Justice Mukherjee could not find any pictorial or written evidence of the crash in the Taipei airfield log, neither in the local newspapers or held by the Taiwan government, nor cremation or death certificates of others who reportedly died with Bose. Citing 200 documents, including 90 classified ones, journalist Anuj Dhar has claimed in his recent book India’s Biggest Cover Up that Netaji had probably gone to Russia after Japan faked his death. In an interesting precedent, Dr Ba Maw, President of Burma, in Rangoon in 1962, had confided in Bose’s nephew, Pradip Bose, that the Japanese had declared him dead in an air crash, in early 1945, while he was still hiding in Japan to escape the British.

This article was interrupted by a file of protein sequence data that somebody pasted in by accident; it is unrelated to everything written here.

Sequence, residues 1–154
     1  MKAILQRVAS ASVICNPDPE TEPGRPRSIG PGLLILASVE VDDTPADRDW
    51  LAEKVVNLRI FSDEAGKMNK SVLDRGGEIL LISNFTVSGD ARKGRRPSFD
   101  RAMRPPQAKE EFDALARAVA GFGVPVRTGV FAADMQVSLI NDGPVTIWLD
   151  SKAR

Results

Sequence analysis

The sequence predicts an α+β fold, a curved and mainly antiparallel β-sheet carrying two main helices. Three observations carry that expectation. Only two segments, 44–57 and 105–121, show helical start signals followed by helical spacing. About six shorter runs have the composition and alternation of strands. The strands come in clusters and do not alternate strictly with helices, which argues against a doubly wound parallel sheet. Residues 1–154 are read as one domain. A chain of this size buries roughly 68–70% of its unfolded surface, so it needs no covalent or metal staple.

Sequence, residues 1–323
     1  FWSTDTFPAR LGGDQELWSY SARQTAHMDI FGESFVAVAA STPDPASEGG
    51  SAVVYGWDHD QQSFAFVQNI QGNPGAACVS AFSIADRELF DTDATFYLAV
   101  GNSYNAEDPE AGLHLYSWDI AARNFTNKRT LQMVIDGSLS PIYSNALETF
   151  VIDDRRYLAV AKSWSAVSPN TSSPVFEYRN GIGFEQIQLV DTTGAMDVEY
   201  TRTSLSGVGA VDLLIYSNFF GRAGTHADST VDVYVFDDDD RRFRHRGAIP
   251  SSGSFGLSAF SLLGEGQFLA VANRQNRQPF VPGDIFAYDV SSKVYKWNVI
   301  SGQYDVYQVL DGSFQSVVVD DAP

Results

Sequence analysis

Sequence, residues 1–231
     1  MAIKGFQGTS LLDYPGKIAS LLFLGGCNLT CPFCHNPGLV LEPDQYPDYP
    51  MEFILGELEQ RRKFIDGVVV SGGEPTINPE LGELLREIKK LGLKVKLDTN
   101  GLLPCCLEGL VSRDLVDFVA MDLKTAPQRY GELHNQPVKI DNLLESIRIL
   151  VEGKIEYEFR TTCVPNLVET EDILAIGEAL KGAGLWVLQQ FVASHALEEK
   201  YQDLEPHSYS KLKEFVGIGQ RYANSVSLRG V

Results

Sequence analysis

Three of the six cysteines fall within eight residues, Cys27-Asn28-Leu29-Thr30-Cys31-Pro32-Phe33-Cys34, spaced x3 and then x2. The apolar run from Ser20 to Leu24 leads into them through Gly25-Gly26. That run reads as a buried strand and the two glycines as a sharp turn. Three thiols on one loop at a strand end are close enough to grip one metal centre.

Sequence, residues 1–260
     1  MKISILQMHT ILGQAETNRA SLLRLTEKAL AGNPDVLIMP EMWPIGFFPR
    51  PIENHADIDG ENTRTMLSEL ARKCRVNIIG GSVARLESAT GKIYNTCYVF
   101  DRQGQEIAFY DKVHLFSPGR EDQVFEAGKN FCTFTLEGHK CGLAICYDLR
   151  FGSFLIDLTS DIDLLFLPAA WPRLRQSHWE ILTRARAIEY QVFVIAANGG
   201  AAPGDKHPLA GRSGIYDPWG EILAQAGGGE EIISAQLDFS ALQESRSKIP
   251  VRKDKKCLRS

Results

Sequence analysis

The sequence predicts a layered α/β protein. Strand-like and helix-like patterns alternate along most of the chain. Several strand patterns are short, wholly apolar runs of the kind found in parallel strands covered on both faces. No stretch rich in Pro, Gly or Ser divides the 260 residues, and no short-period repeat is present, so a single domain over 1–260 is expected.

Given the reported inconsistencies, activists like Anuj Dhar have legitimately demanded that the government of India declassify the information it has classified on Netaji. Successive Congress governments have declined such requests on the ground that the disclosures would jeopardise ties with foreign nations. Furthermore, Anuj Dhar contends that witnesses belonging to the Congress government and Intelligence Bureau were at best economical with the truth while testifying in the enquiry commissions preceding the Mukherjee Commission. The reports submitted by the Mukherjee Commission, which was instituted by Vajpayee, was summarily rejected by the Congress government who succeeded him. It was widely postulated that this was a deliberate move to protect the legacy of Nehru who could have known of the incarceration of Bose as a war criminal in a Stalinist camp in Siberia. The theory gained credence as successive Congress governments, in an attempt to ensure a pre-eminent stature of dynastic icons, had denied all pre-independence heroes their dues – Sardar Patel and Netaji Subhash Bose were both subtly cast as provincial icons of Gujarat and Bengal respectively.